Over the course of the last several years, medical professionals and psychologists have developed a wide range of new methods for categorizing and classifying disease and dysfunction. Among the most inched in classifications to be made in recent years has been the diagnosis of trichotillomania. As indicated by its name, this condition represents a significant problem with the individual's impulse control. Specifically, the American psychological Association in the DSM-IV-TR (2000) has noted that, trichotillomania is the recurrent process of pulling out one's hair. The disorder involves increasing tension before the hair is pulled out and the experience of gratification once the act is complete. In order for a diagnosis of trichotillomania to be complete, the individual must experience significant distress from hair pulling which results in social or occupational impairment.
For most laypeople, a diagnosis of trichotillomania may seem quite unusual. The act of pulling out one's hair is not a typical behavior. However, to professionals working in psychology, individuals presenting with this condition can pose a considerable threat to their overall health and well-being. For this reason, professionals need to understand this condition and the implications that it has for the overall development of the individual.
[...] Legal, Ethical and Cultural Implications At the present time, the status of the research on trichotillomania reveals that there is not considerable data, which demonstrates the overall effectiveness of treatment or interventions. From an ethical standpoint, the psychologist is faced with the daunting task of both diagnosing this disorder and providing a treatment protocol that will effectively help the patient. Although current research does provide some insight into what could potentially be used, it is evident that there are no developed “best practices” when it comes to the management of this disorder. [...]
[...] Other sources suggest that trichotillomania may be a type of OCD [obsessive-compulsive disorder], although that theory is debatable. Others believe that childhood trichotillomania is simply a manifestation of my frustrations, analogous to nail biting or thumb-sucking. In children, Isidro commonly arises at times other psychosocial stress within the family unit, such as moving to new house, hospitalization, develop problems, period of separation or a disturbed mother-child relationship (p. 332). Papadopoulos goes on to note that at the present time there are a few professionals who believe that the condition has a true physiological origin. [...]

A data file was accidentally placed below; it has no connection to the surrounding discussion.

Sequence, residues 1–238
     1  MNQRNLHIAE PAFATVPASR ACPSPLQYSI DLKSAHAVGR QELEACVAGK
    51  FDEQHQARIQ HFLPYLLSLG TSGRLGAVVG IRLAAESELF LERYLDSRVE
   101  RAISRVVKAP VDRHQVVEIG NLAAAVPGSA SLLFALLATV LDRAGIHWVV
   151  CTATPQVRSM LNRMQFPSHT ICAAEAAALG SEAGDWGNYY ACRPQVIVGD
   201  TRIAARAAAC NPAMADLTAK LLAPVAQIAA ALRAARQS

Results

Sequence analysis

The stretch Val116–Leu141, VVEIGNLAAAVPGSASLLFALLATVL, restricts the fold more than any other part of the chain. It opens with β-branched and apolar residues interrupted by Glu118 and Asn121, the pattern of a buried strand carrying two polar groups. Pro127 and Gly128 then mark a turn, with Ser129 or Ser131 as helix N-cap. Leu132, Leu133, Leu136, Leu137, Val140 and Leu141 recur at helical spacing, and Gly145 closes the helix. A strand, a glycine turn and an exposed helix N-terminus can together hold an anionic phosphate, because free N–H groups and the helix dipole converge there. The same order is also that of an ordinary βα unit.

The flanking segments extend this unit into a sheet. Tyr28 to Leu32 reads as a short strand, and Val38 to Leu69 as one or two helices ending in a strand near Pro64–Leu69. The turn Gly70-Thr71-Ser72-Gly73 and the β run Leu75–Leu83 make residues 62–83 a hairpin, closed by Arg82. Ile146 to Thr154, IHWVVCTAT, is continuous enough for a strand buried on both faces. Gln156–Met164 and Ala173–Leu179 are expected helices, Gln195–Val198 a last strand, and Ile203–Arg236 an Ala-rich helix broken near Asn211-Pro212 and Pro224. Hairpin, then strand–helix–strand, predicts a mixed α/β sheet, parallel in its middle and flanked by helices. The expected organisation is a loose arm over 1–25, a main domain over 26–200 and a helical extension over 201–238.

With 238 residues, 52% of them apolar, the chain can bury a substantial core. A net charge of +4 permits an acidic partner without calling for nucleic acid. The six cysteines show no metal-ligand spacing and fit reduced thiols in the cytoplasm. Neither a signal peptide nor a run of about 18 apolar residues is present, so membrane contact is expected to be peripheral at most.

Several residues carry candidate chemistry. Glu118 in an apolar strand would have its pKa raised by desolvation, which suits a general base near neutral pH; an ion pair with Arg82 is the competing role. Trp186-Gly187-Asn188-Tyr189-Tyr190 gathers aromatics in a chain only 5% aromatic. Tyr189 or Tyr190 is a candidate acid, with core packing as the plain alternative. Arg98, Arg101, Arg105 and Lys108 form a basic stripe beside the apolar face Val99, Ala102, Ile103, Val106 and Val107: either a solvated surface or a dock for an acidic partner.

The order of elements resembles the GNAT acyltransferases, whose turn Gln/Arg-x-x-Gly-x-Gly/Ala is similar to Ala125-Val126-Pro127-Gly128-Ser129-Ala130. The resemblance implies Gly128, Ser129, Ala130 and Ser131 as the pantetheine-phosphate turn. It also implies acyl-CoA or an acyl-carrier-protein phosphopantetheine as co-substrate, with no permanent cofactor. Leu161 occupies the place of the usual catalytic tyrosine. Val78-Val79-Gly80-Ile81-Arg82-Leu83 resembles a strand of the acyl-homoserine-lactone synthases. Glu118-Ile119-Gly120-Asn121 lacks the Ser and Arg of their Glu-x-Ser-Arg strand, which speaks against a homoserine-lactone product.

[...] In addition to being linked to mood disorders, Hanna also notes that trichotillomania has typically been diagnosed as an obsessive-compulsive disorder. Because the individual often engages in a number of compulsive disorders in the presence of this diagnosis, a specific diagnosis of trichotillomania is often not possible. According to Hanna: “Some reports of commented in particular, on a possible relationship between trichotillomania in excess of compulsive disorder suggesting that we belong to a spectrum of disorders having in common pathologic compulsions of excessive grooming. [...]
[...] Kress, Brandy and McCormick (2004) in their investigation of this disorder make the observation that at the present time trichotillomania affects approximately million people or of the population in United States. Although methods to diagnose the disorder have improved in recent years, these authors assert that he prevalence rate of trichotillomania is vastly underestimated due to the fact that this condition typically occurs comorbid with other mental disorders. Further, these authors note that individual suffering from trichotillomania often go to great lengths to conceal his condition because of the social stigma associated with hair loss. [...]
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